In the spring of 2012, I contacted Christian Veterinary Mission (I’ll explain more on why we chose to work with CVM in a future post), and started a months-long conversation with Fred Van Gorkom, CVM’s Africa Regional Director. When Fred heard about our background, he began to urge us to consider Mekelle, Ethiopia, as a potential destination. For one thing, my time in the Army had taught me that one of my greatest strengths and joys is in training others, and encouraging them to develop their understanding and skills. This led us to talk about the possibility of teaching at a veterinary school in a developing country. Fred, who had served in Ethiopia for nearly three decades, had a number of connections at the veterinary school in Mekelle, and knew that this school had expressed a need and desire for improvements in both pedagogy and its research programs.

In addition, the fact that I was well-versed in both evangelical and Orthodox expressions of Christianity led Fred to urge us to consider Ethiopia; more on this below.

With Fred urging us to consider Ethiopia, we began to learn more about the country, and in particular, about its livestock and veterinary infrastructure, and about the history and status of Christianity and other religions in the country. I plan on writing in greater detail in future posts on both of these topics, but here’s an overview:

Veterinary Medicine in Ethiopia

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Goats in the pastoral Afar Region of eastern Ethiopia.

Ethiopia is a landlocked country located in the Horn of Africa. It has over 100 million inhabitants, and occupies 420,000 square miles (about 1.5 times the size of Texas). The terrain varies from mountain to savanna to desert; and livestock are abundant throughout all areas of the country.

Ethiopia is said to have the highest population of livestock in Africa, with over 150 million animals, made up primarily of cattle, sheep, goats, and camels. This number omits the livestock population in the Afar and Somali regions, where most people are pastoralists (that is, herders), because it is extremely difficult to get accurate counts. Suffice it to say that the numbers are very high. Many of these animals are ultimately exported, often to the Arabian Peninsula via Djibouti, Somalia, or Kenya. Livestock plays a significant economic role in the country.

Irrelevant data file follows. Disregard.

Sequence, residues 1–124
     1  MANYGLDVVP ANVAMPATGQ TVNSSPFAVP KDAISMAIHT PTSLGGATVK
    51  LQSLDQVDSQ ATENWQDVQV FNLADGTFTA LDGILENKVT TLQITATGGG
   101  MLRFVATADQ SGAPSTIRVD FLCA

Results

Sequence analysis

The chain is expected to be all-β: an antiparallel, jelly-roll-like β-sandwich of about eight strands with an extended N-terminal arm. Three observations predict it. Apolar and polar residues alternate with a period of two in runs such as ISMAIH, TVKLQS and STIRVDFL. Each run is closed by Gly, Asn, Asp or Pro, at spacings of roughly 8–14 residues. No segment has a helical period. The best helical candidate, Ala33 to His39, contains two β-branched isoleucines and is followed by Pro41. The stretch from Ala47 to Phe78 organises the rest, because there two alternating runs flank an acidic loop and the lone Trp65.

Unfortunately, due to a lack of veterinary infrastructure, debilitating diseases are common in many herds. This adversely affects Ethiopians in at least two ways; first, it decreases the number of animals born, the number that are brought to slaughter and/or milked, and it drastically decreases the amount of milk and/or meat produced. This is the economic and nutritional impact. It also predisposes people to zoonotic disease – diseases spread from animals to humans, often when animal products are consumed.

A key step toward improving veterinary infrastructure is improving both veterinary medical education and improving the research capacity of those institutions. As research capacity improves, veterinarians and livestock owners will have better information about animal disease in the Ethiopian context, and will be able to make informed decisions regarding animal health.

Christianity in Ethiopia

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The roof of Kidus Giorgis (St. George’s Church), an 11th century stone-carved church in Lalibela.

Ethiopia embraced Christianity by the early fourth century, at the latest, when the Ethiopian Orthodox Tewahedo Church received her first bishop, St. Frumentius, from Alexandria, Egypt. Today, the EOTC has between 40 and 46 million members. In addition, over the last 200 years, various Protestant churches have appeared and grown throughout the country, so that there are approximately 14 million Protestant Christians of various denominations in Ethiopia.

The relationship between the Orthodox Church and the Protestant Churches has been tense at times, for a number of often complicated reasons. Recently, members of the EOTC and a number of Protestant churches gathered in Addis Ababa, at the first ever regional consultation of the Lausanne-Orthodox Initiative, to discuss the relationship between Orthodox and Protestant churches and Christians.

Ultimately, for there to be peace between Orthodox and Protestant Christians, there must be increased understanding in where the true and important differences lie, as well as what is genuinely shared in common (indeed, 20 years of communism went a long way in teaching Ethiopia that in many cases the commonalities far outweigh the differences). People who are able to understand both the Orthodox and Protestant perspective could be very helpful in this regard.

In addition, there is currently a need at the local Orthodox seminary for teachers of biblical languages, biblical studies, and patristics.

Why Ethiopia?

We are going to Ethiopia (God willing) because we believe that’s where we can best share Christ’s love in terms of the gifts, skills, and experiences that he has given us. We remain unspeakably grateful for your support as we pursue this goal.